Pre-pandemic life appears distant, doesn’t it? Weeks ago? Seems more like months. Life as we knew it may be slow to return, if ever. Will we mark Q1 of 2020 in terms of pre, mid and post-pandemic? While no perfect forecast exists, one prediction is certain: post-pandemic life will look and live differently.
How Dissimilar is Different?
Will foot shakes replace handshakes?
Will self-serve buffets become passé?
Will Zoom lectures replace lecture halls?
How public will public transportation remain?
Will men’s business attire feature matching masks and pocket squares?
Will people who are able prefer geographical distance over social distancing?
Julio and Priscilla furiously packed their rental. Sweat pooled under their masked covered cheeks. Lifelong friends remained sheltered in place keeping track through Instagram eager to help but… Three generations clustered nearby and protested. Priscilla pointed the phone toward her slumbering infant while her plaintive mother begged her to stay. “I can’t…I just can’t…I don’t know Mom. All I know is we have to do something! What future do we have here?”
When the pandemic passes, will Julio and Priscilla return to their roots? Or, will others follow their migratory pathway?
How many will pack and go? How many are able? Priscilla, on maternity leave, received a survey from her manager. She opted to work from home until the end of the year. And Julio? As a Tesla Technician, a job awaits him.
Headlines and Headliners
While forecasting social norms requires a colossal dose of imagination, many are imagining a similar landscape.
Gov. Andrew Cuomo describes the reasons for the rapid rise of the virus. “It’s about density. It’s about the number of people in a small geographic location allowing that virus to spread. Dense environments are its feeding grounds.” Agreeing in principle, Joel Kotkin, executive director of Urban Reform Institute adds, “How are you going to have a city dependent on subways if you’re going to have any social distancing at all? People will continue to move more into the periphery and into smaller cities.” For more, read here.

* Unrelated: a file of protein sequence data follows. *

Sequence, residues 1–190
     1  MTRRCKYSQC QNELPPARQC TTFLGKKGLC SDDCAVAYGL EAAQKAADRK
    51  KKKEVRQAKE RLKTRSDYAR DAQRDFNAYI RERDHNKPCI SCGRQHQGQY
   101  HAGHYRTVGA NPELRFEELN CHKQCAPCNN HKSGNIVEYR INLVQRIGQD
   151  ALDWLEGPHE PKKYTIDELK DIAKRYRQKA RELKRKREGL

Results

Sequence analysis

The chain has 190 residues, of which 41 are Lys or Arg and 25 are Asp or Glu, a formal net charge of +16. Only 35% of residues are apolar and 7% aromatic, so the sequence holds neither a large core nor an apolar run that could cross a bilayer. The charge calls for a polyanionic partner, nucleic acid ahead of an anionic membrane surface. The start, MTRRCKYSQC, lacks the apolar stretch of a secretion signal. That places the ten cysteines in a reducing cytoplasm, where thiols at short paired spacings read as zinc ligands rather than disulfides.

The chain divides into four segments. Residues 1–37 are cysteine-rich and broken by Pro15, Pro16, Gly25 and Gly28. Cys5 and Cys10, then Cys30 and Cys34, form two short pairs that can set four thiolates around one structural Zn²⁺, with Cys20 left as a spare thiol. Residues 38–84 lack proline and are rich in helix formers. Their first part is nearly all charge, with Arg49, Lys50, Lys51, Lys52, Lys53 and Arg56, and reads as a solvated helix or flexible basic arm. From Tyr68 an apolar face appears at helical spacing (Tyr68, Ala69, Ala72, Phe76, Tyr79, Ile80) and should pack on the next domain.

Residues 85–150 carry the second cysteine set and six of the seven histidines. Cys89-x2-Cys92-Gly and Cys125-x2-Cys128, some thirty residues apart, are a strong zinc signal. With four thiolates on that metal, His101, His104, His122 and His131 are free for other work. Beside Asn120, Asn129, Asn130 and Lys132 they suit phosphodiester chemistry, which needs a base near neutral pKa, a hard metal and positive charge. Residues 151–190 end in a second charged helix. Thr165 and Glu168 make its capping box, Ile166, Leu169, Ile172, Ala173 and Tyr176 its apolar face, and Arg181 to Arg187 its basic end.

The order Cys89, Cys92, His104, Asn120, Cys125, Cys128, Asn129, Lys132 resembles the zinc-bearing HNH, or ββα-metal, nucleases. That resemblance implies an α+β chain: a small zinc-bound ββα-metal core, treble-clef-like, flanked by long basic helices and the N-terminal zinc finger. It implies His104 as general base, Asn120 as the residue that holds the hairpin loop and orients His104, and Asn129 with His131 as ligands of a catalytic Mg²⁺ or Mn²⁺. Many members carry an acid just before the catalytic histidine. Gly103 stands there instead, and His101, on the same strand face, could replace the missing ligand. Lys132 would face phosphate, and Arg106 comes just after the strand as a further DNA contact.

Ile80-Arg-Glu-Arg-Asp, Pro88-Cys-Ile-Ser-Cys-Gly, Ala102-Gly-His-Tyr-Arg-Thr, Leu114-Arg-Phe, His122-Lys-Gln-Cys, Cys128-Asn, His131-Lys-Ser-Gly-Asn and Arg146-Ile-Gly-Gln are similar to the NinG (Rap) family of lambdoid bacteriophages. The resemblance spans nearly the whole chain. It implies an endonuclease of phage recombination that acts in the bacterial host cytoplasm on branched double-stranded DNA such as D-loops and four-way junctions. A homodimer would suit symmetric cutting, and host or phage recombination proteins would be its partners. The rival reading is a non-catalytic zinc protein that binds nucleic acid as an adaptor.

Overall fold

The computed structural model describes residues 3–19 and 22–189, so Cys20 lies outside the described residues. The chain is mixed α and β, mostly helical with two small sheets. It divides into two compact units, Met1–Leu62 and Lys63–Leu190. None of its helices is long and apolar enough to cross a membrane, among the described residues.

Harris Poll CEO John Gerzema contributes, “Already beset by high rents and clogged streets, the virus is now forcing urbanites to consider social distancing as a lifestyle; 39% of urban dwellers said the COVID-19 crisis has prompted them to consider leaving for a less crowded place, according to the survey of 2,050 U.S. adults from April 25-27. Here are more details.
Michael Dell, founder, chairman and CEO of his namesake company, “guaranteed” that a larger share of Dell Technologies’ workforce will work from home after the coronavirus outbreak subsides. Jen Felch, Dell’s chief digital officer expects more than 50% of the company’s 165,000 full-time employees to be working from home after the pandemic lets up. Dell is not alone as attested here.
Space Will Be Priority One
What does this mean for sellers and homebuyers? Watch for two trends. Trend one, a migration to the suburbs, smaller towns, and rural properties. Trend two, with employees transferring from company office to home office, residential real estate desires will shift as well. Space will be priority one: larger homes, bigger yards, distance between neighbors, access to nature, and an overall quest for houses sized and structured for work/life balance.
By profession, I am a REALTOR®
By design, I ask questions, lots of questions to ascertain specifics so I might serve well.
By skillset, I solve problems for my clients as they pursue a home that lives well for them for at such a time as this.
By grit, I work relentlessly until my clients are satisfied with a job well done. So let’s get started.
Moving? Call me, text me (503-781-0206) email me ivy.stanton@exprealty and together let’s find a place you can call home.
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